I'm currently working on a mobile/desktop/distributed app with exactly the same requirements and issues.
First of all, these requirements are not inherent to mobile apps per se, but to any disconnected/distributed client-server transactions (parallel programming, multithreading, you get the point). As such they are, of course, typical issues to address in mobile apps.
Generally, what this all boils down to is that you have a potential data record that is distributed to n clients, who may edit it at the same time. What you need is
- a proper version control/locking mechanism,
- a proper rights/access management,
- a proper synchronization/caching strategy
For (1) you may apply some patterns: There are two frequently used locking strategies: Optimistic Offline Locking, and Pessimistic Offline Locking. Some of these come applied in different version control "patterns", such as MultiVersion Concurrency Control (MVCC), which uses a counter (sort of a very simple "time stamp") for every data record, which is updated whenever the record is changed.
(2) and (3) are very broad issues themselves, which need to be dealt with independently of (1). Some advice from my experience:
Use a client-server technology that abstracts away most of the issues for you. I highly recommend some web technology such as CouchDb, which handles (1) via Optimistic Offline Locking + MVCC, (2) via Web API, and (3) via Http caching very well.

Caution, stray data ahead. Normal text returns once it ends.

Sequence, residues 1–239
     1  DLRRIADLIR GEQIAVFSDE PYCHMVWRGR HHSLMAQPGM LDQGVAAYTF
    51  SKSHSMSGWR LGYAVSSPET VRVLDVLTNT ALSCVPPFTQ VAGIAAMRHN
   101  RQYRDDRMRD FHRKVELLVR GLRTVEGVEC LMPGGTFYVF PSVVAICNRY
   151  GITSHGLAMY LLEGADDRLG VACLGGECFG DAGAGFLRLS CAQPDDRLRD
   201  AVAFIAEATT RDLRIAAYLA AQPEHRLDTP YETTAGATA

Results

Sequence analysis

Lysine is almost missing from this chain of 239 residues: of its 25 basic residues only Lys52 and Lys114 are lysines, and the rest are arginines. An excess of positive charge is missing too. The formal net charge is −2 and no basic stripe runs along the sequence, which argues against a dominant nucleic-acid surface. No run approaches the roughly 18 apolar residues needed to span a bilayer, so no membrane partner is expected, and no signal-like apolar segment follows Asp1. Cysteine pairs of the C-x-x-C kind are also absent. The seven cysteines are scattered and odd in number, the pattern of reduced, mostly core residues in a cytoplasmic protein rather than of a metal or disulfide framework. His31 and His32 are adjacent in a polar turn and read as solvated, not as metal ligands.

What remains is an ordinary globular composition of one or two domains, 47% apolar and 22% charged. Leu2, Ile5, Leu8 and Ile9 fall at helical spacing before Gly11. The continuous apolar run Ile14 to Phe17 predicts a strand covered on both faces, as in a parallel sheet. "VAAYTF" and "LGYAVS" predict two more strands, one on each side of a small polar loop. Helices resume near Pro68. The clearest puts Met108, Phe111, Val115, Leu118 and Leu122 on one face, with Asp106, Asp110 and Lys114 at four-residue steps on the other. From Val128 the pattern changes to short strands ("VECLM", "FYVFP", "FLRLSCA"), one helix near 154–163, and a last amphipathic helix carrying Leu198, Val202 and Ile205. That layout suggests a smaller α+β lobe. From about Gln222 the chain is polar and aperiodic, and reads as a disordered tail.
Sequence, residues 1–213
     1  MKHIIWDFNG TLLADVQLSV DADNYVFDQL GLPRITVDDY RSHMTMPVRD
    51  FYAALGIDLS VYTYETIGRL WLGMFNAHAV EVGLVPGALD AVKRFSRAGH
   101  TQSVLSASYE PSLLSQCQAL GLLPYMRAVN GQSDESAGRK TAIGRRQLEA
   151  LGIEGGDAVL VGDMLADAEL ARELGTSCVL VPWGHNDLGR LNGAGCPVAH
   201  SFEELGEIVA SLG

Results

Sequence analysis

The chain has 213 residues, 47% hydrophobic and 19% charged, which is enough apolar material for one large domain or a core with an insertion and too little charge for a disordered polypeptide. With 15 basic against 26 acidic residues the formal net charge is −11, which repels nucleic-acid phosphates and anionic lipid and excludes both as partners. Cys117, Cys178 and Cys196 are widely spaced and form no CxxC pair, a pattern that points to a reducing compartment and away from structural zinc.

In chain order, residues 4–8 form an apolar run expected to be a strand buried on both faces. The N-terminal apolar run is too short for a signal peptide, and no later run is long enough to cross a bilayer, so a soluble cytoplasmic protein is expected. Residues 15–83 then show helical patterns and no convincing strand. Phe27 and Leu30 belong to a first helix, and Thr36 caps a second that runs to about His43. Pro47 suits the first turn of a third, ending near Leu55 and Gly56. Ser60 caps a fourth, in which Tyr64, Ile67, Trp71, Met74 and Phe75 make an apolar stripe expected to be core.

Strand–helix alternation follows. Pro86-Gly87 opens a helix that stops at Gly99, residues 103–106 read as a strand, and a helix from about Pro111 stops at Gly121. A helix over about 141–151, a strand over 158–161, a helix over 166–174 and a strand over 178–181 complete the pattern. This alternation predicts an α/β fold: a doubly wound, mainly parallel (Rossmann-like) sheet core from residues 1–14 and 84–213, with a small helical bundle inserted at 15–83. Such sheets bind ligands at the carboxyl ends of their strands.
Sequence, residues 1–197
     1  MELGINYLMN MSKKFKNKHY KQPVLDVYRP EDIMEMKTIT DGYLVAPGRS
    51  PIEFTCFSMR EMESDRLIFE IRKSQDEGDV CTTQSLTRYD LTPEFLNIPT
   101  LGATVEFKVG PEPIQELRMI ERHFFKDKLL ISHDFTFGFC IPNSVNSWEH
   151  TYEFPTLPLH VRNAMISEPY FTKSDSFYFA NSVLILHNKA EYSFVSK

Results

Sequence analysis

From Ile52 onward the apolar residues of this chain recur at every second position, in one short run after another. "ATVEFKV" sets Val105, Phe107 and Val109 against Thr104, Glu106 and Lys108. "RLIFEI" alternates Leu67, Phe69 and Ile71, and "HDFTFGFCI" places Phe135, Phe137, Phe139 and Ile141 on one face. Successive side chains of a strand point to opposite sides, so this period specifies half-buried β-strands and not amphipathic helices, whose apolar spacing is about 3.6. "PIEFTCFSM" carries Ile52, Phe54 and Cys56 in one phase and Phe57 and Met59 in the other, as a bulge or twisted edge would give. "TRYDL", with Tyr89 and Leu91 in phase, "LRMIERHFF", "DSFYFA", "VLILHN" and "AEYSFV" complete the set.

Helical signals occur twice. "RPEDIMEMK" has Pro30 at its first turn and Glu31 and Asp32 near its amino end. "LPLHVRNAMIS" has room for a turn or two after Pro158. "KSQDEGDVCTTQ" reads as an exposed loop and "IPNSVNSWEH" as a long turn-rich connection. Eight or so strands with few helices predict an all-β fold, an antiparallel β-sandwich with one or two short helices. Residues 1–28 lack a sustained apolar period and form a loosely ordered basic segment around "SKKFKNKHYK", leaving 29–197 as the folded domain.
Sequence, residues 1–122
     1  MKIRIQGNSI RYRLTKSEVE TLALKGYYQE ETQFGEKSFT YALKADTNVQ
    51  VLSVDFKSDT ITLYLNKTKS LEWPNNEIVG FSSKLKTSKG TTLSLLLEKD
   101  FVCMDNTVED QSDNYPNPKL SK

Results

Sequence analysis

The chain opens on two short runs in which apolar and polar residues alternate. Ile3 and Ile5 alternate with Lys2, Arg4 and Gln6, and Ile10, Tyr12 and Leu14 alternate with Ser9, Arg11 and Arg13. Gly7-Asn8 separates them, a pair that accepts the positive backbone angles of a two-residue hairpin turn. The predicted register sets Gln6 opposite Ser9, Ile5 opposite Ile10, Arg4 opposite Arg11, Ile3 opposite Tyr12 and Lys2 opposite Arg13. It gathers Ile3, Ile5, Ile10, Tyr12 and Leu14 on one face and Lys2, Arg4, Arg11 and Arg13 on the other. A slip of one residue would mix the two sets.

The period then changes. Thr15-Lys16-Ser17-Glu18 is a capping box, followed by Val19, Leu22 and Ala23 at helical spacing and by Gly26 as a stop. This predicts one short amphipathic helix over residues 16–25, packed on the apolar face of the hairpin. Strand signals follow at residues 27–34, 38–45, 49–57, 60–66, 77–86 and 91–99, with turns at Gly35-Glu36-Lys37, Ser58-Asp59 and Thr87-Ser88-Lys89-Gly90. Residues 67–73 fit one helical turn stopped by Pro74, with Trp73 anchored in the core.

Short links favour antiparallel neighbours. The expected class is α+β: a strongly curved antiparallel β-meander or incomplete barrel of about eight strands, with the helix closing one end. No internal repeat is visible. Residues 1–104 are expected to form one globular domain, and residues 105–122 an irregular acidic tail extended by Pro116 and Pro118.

Try not to invent things yourself if you can rely on proven technologies and approaches. I believe any hour spent researching and comparing existing technologies/patterns is far better spent than trying to implement your own system(s).
Try to use homogeneous technologies if possible. By "homogeneous" I mean technologies that have been built with the same principles in mind, e.g. web 2.0 usage scenarios. An example: Using a proper CouchDb and REST Client (Web API) with a local caching strategy is a better choice than using SQL for mobile apps.
I strongly advise against the use of MySQL because it is a technology that was not explicitly made for such usage scenarios. It works, but you are much better off with a database system that already embraces the web communication and concurrency style (such as many NoSQL Databases).
By the way, I have settled for CouchDb with a custom local client working against the CouchDb APIs, which works and scales beautifully. I switched from using MSQL + (N)Hibernate and paid a high price for not making the right choice (meaning not doing enough research) in the first place.